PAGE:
Summer 2019 OMPRN Newsletter

Jul 24, 2019

Summer 2019 OMPRN Newsletter

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  • new projects & reported projects
  • upcoming events & workshops
  • funding opportunities for the network

news-photo We hope everyone is having an amazing summer! OMPRN would like to share some news from the Network, including a feature interview with OMPRN awardees on their recent publication, as well as announcements about current funding opportunities and upcoming events.

Contents:

A few timely updates from the Network Leader

Dear colleagues,

Our first newsletter in too long presents me with an opportunity to update Network members on a few reasonably timely items.

What comes after OMPRN?

     When OMPRN was originally conceived, OICR committed to funding us for four years, ending March 31st, 2020. Happily, OICR has agreed to support us for an additional year. Thank you OICR! What happens after March, 2021, is currently unknown, I believe, by anyone.

     OMPRN’s fate is likely to be determined according to priorities that OICR establishes as it develops its next five-year strategic plan. Largely in order to help inform this plan, OICR and OMPRN co-hosted a workshop in May during which representatives from Ontario’s academic pathology community and OICR leadership discussed how OICR might continue to support cancer pathology research. Among the many issues discussed were the dearth of time that is available to pathologists to engage in research, how to provide career support for early career pathologist investigators, how to facilitate sharing of various kinds of research data, and how to identify and address obstacles to inter-institutional correlative research. No firm conclusions as to OICR’s course of action were reached during the workshop but these discussions will, no doubt, continue.

Operating grants

     We received 23 applications last October in OMPRN’s third grants competition. Seven of the 14 (50%) Stream 1 applications were funded as were 4 of the 9 (44%) Stream 2 applications for an overall success rate of 49%. The names of the funded researchers and brief descriptions of their projects are available here on the OMPRN website. The sustained interest in these grants over the first three years of the Network’s existence and the generally high quality of the proposals reflect the vitality of the pathology cancer research community in the province.

     We have released the request for applications (RFA) for our fourth grants competition. The application deadline is October 28th. The RFA and other application-related information and materials are available here. Unfortunately, we can only offer the smaller, one-year, Stream 1 grants this year with an operating budget of up to $35,000. We will NOT be considering any new applications for the larger, two-year Stream 2 grants. The reason is that, since the current fiscal year was originally expected to be OMPRN’s last, no provision was made in the budget for supporting two-year grants that would necessarily extend beyond OMPRN’s lifetime.

OMPRN research fellowship

     We launched our inaugural OMPRN Cancer Pathology Research Fellowship competition last autumn with an application deadline in November. We received three very strong applications and funded the application from Dr. Sebastiao Martins-Filho. Dr. Martins-Filho will be working under the supervision of Dr. Ming Tsao at University Health Network in Toronto on a project dealing with the response of lung cancer cells to treatment with EGFR inhibitors.

     We have released the RFA for the second round of OMPRN fellowships; the application deadline is September 3rd for fellowships that will begin no earlier than July 1st, 2020. Besides a stipend for the trainee, this attractive fellowship will cover operating expenses up to $80,000. The RFA and other application-related information and materials are available here.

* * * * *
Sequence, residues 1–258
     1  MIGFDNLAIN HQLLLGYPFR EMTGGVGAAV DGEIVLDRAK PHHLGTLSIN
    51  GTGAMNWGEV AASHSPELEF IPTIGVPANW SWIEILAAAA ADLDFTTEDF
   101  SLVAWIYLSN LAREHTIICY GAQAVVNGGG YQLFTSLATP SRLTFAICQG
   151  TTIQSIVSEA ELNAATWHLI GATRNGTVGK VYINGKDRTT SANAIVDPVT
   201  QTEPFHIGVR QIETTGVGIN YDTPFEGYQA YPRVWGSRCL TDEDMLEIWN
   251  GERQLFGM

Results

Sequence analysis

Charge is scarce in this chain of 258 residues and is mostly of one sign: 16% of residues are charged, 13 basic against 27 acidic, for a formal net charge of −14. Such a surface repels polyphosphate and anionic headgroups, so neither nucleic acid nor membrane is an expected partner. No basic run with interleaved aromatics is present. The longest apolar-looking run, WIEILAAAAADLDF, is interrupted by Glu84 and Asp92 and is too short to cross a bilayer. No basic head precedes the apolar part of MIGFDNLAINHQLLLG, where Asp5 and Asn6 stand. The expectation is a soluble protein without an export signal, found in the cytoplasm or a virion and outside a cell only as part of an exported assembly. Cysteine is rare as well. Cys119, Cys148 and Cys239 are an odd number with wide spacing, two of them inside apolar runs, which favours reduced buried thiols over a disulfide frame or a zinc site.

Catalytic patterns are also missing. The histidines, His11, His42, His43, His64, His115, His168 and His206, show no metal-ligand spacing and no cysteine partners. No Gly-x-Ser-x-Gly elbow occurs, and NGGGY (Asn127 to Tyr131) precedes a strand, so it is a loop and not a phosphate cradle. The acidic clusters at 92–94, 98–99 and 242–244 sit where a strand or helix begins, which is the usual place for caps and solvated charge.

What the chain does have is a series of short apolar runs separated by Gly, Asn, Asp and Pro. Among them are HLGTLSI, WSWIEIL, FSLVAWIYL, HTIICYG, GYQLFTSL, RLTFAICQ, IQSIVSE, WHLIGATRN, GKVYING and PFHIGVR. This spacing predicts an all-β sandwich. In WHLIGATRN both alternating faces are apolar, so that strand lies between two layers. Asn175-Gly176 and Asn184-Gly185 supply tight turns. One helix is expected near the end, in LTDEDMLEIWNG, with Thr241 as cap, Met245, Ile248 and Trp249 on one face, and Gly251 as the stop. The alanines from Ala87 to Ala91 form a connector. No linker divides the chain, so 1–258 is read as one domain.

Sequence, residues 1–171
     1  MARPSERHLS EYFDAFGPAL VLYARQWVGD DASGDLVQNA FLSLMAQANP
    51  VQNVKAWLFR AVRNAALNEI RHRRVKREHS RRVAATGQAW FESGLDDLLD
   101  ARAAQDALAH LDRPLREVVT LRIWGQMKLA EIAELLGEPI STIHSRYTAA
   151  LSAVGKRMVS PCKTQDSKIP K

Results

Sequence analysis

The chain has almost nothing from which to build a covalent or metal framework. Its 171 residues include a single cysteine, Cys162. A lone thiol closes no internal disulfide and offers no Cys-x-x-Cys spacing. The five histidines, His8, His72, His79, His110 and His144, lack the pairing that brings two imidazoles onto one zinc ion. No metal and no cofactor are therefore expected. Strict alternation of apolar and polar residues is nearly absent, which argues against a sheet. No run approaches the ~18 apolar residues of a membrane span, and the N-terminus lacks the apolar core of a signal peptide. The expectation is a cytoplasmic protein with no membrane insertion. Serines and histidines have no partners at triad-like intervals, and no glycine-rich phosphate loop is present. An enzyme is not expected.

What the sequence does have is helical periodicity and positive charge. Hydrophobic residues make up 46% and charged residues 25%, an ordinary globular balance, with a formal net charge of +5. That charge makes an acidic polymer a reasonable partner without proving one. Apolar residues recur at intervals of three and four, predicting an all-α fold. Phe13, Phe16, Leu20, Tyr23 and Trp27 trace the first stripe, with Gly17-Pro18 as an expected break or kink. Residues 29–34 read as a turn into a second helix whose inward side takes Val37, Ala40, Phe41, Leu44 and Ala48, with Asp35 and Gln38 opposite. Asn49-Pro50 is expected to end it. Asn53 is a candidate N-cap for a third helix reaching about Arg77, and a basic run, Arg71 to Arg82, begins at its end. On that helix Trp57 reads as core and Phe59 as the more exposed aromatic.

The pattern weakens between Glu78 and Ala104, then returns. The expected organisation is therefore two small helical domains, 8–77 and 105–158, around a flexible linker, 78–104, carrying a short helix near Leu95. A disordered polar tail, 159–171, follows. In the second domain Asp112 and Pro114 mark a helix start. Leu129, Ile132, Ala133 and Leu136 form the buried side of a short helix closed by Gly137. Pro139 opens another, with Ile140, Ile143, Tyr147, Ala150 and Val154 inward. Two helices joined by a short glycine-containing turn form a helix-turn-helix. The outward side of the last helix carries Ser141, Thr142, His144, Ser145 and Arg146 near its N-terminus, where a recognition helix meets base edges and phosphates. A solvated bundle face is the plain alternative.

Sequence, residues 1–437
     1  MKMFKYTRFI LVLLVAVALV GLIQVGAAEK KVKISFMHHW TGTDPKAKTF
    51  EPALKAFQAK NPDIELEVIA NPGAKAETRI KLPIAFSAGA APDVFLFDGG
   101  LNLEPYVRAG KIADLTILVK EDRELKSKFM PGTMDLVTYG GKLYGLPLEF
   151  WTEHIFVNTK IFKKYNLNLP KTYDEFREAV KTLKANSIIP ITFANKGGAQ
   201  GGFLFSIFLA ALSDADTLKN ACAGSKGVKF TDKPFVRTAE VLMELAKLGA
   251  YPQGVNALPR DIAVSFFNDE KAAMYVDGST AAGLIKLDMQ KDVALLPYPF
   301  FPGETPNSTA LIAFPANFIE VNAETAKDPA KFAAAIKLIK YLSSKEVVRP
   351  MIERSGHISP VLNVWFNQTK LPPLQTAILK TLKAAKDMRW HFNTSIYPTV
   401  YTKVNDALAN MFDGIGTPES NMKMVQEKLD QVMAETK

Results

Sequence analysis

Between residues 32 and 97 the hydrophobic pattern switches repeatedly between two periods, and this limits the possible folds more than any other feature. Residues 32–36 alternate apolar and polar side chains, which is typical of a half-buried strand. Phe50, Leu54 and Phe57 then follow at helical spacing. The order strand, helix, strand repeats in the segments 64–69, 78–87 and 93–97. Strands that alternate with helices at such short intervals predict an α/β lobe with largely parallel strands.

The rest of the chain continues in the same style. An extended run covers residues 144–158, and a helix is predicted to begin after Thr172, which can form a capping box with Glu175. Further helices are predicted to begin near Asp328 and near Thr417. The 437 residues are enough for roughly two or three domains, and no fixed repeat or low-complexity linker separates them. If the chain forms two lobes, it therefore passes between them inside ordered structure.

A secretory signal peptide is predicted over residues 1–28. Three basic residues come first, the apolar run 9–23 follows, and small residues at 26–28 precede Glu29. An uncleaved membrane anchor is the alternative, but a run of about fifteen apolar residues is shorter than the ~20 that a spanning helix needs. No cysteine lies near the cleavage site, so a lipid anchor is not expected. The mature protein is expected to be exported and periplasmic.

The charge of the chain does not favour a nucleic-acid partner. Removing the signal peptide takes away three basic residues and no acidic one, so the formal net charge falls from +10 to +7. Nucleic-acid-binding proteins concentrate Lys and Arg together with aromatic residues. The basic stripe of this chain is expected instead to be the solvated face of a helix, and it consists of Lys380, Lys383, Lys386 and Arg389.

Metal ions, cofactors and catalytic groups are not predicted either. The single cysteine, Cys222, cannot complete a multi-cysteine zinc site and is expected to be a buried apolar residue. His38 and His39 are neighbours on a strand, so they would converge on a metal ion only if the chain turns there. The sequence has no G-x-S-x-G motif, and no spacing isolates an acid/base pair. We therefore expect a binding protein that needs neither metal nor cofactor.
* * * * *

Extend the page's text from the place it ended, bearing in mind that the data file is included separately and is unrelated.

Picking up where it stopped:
Have a great summer!

     Now that we have a full-time OMPRN Project Manager in the person of Dr. Kyster Nanan, there is no excuse not to send out this our newsletter more regularly. If you have information that you would like the letter to convey, or issues that you would like to see addressed in the newsletter or in the Network more generally, then please let Kyster or me know.

Meanwhile, I hope everyone has a pleasant, relaxing and/or fun summer!

David

Almost Implemented: Physicians' views on the incorporation of AI into diagnostic pathology

An interview with OMPRN awardees about their article on AI in diagnostic pathology
By: Kyster Nanan for OMPRN

     Artificial intelligence (AI) is entrenched in our daily lives. Familiar implementations of this technology range from digital assistants like Amazon’s Alexa, to Netflix’s recommendation algorithm and self-driving cars. AI is prized for its abilities to improve efficiency and minimize risk in fields like commerce, finance, and transportation, therefore, it is not surprising to see the emergence of AI in various healthcare settings. Indeed, with its ability to integrate disparate data sets and breeze through repetitive tasks, AI may be a boon to diagnostic subspecialties such as radiology and pathology. But, as with any nascent technology, AI incorporation into diagnostic medicine must undergo considerable vetting before acceptance into conventional practice. The potential implementation of AI into healthcare prompts novel concerns regarding accuracy, safety, and implications for liability. More generally, the critical issue of physicians’ perspectives on AI integration into diagnostic practice has been largely unexplored. This latter issue was the subject of a recent npj|Digital Medicine article by Sarwar et al., 2019 from co-corresponding authors and OMPRN grant recipients, Dr. Phedias Diamandis and Dr. Randy van Ommeren. In an interview with OMPRN, Phedias and Randy shed light on their shared interests in AI and shared thoughts on its potential incorporation into medical education and conventional pathology practice.

Siri, can you help me?